Summary: This is as severe a condemnation as you can find of those who confess to be Christians. They claim to be Christians, yet they contradict their profession by their lives.
Title: A Warning Against Those Who Serve Their Own Desires
• “Special Notes” and “Scripture” are shown as endnotes.
• NIV Bible is used throughout unless noted otherwise.
Scripture (Philippians 3:18-19, NIV)
18For, as I have often told you before and now tell you again even with tears, many live as enemies of the cross of Christ. 19Their destiny is destruction, their god is their stomach, and their glory is in their shame. Their mind is set on earthly things.
In verses, 18 and19 Paul makes it clear that he is not simply talking about Christians who have the wrong beliefs, but those who are not actually Christians at all. Although the error of these false teachers is disguised as a form of religion, Paul with an aching heart and with tears repeats what he had told the Philippians before that such “are the enemies of the cross of Christ." His reference to his frequent warnings apparently goes beyond this epistle itself and may refer to his instructions to them when he had been with them previously.
Having referred to these people as “enemies of the cross of Christ,” the apostle announces a fourfold indictment: (1) he describes their end as being destruction, that is, eternal punishment; (2) their “god is their stomach,” a description that better suits the antinomian party than it does the legalizers, although the same description is given of people who sow dissension (Rom. 16:18); (3) their glory is their shame, that is, their shameless conduct is a matter of pride to them; (4) they “mind earthly things,” living only for the things of this life.
(3:18) For, as I have often told you before and now tell you again even with tears, many live as enemies of the cross of Christ.
There are certain church leaders in Philippi who follow Paul’s lead. The rest of the Christians in Philippi would also have profited by doing the same. For, unfortunately, many live, whom he has often mentioned, but now he does so with tears because now he marks them as “enemies of the cross of Christ.” Those are not men who rejected the doctrine of the atonement; they are lovers of self-indulgence, not of self-denial. Neither the Judaizers nor the “perfectionists” seem to be in Paul’s mind. Everything he says about these people points to their having been Christian people, possibly Gentiles, who turned their Christian liberty into unchristian recklessness; lack of self-control.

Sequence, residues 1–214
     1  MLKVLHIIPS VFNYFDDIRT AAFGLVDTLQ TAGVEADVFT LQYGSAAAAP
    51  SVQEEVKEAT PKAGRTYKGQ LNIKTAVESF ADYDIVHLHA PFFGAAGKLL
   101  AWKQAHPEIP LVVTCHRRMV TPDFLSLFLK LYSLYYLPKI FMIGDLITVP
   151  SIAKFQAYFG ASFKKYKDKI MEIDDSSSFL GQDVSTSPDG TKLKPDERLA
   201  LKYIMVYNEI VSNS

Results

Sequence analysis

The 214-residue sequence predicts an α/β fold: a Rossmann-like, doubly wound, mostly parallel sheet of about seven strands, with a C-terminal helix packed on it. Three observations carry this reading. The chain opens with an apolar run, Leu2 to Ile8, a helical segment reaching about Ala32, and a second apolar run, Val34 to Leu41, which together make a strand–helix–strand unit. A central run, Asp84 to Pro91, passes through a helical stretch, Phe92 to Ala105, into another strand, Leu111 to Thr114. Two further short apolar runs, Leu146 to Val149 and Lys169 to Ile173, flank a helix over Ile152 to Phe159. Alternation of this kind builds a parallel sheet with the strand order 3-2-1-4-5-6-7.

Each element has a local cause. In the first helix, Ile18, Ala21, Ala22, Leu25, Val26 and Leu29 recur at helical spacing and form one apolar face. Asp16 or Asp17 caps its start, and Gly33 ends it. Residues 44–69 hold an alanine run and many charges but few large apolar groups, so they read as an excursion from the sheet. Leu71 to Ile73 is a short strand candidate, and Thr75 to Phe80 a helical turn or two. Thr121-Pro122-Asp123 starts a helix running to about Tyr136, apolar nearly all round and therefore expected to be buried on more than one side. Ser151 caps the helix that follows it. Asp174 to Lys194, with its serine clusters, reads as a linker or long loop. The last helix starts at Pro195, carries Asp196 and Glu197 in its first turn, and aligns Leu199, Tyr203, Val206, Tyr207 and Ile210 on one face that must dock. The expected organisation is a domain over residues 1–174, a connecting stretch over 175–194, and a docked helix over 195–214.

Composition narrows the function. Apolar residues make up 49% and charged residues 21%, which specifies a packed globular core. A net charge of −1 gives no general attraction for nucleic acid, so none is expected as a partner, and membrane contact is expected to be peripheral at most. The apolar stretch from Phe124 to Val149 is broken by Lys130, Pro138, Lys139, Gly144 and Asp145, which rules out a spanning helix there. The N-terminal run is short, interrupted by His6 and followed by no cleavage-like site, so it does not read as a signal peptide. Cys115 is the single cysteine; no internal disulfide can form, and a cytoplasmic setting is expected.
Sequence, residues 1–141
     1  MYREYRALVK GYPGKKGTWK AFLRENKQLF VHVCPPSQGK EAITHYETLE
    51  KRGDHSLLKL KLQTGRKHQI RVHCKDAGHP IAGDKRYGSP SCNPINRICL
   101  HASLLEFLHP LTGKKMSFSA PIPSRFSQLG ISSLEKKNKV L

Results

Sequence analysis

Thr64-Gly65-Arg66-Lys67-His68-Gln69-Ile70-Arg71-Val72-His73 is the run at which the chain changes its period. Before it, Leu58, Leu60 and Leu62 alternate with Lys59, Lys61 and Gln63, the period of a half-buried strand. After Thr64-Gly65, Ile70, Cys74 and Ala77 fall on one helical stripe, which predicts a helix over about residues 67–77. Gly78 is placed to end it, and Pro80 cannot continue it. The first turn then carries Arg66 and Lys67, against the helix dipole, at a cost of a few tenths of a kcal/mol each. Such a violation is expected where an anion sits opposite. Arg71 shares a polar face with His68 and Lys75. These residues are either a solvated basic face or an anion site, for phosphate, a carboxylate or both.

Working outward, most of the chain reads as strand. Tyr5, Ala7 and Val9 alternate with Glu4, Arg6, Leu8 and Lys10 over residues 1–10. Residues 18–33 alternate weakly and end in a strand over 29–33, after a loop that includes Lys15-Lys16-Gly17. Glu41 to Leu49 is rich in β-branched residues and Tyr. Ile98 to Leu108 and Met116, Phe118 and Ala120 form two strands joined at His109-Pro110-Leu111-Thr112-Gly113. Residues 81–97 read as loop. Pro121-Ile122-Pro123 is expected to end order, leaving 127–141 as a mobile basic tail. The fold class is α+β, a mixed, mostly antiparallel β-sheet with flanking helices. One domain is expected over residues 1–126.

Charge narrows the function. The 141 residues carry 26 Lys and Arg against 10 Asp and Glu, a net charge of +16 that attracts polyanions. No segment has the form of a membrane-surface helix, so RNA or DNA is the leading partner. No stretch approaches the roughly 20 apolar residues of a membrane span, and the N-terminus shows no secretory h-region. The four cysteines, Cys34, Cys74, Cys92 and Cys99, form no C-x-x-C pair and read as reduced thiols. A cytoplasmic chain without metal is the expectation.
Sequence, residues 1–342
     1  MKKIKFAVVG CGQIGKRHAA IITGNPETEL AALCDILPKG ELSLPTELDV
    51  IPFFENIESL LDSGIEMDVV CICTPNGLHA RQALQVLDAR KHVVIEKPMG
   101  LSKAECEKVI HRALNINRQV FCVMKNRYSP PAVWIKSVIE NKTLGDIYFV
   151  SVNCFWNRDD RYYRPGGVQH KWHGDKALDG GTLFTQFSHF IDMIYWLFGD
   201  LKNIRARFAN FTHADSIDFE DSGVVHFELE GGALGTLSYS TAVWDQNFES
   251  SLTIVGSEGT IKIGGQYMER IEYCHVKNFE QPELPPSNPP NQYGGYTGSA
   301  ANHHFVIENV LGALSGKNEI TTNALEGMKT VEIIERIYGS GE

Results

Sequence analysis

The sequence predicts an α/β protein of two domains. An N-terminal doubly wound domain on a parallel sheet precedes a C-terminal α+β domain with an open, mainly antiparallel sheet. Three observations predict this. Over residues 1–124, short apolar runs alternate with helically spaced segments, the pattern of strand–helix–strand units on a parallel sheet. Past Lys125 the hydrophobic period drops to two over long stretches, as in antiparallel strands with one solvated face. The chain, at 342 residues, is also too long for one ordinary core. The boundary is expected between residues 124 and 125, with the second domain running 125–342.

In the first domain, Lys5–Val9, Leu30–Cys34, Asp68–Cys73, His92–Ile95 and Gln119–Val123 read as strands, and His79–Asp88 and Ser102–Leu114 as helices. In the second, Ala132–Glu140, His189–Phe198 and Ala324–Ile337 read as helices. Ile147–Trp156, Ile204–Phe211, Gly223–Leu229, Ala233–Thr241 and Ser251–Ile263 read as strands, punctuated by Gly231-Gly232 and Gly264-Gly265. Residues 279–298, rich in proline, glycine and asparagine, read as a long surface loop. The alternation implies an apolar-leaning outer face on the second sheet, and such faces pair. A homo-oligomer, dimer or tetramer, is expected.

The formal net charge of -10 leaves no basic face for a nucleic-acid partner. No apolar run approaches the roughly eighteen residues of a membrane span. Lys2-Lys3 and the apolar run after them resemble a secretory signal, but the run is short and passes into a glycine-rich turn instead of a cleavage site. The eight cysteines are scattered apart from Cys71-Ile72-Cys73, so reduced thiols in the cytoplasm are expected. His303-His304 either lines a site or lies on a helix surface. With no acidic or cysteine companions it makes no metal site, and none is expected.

Who were these “enemies of the cross of Christ,” and in what sense were they “enemies of the cross of Christ?” (see Note 7) Some regard them as the Judaizers see note #1 of 3.2, whose emphasis on legalism see note #2 undermined the effect of the cross. And there were other things that made the Judaizers “enemies of the cross of Christ: (1) The cross ended the Old Testament religion; (2) When the veil of the temple was torn in two, God was announcing that the way to God was through Christ (Heb. 10:19-25); (3) When Jesus shouted, “it is finished!” He made one sacrifice for sins; (4) By His death and resurrection, Jesus accomplished a “spiritual circumcision” that made ritual circumcision unnecessary (Col. 2:10-13). Everything that the Judaizers advocated had been eliminated by the Death of Christ on the cross!
Furthermore, everything they lived for was condemned by the cross. Jesus had broken down the wall that stood between Jews and Gentiles (Eph. 2:14-16), and the Judaizers were rebuilding that wall. They were obeying carnal [fleshly] ordinances (Heb. 9:10), regulations that appealed to the flesh and were not directed by the Spirit. But the true believer crucifies the flesh (Gal. 5:24). He also crucifies the world (Gal. 6:14). Yet the Judaizers were minding “earthly things.” It is the cross that is central in the life of the believer. He does not glory in men, in religion, or in His own achievements; he glories in the cross (Gal. 6:14).
Others view them as antinomians, (see note #3) which went to the opposite extreme from the Judaizers, and thus ended the whole sacrificial system. By their lawless lives, they too were enemies of the cross and the new life that should issue from it.
It is not likely that these men were simply pagans, of whom nothing better was to be expected. In all probability, they were professing Christians, but ones whose lives were so reckless and shameless that it was clear to Paul that they had never been saved. Presumably, they were not actually members of the Philippian Church [The character of the entire Epistle would have been different if “many” such people were in that congregation], but because there were such men in the Christian world as a whole, they posed a danger to every church (Rom. 16:17, 18; 2 Pet. 2:10-22). Paul had already warned of them, perhaps in former visits or letters, and felt real anguish when the churches were threatened with preaching false doctrine or living false lives. Those Paul warned against were perhaps involved in budding Gnosticism and they trusted in their own attainments and not in the sufficiency of Christ alone. All who do so are not children of God, so they await destruction. The word here translated, “destruction” does not mean annihilation, but rather ruination by separation from the presence of God in eternal judgment.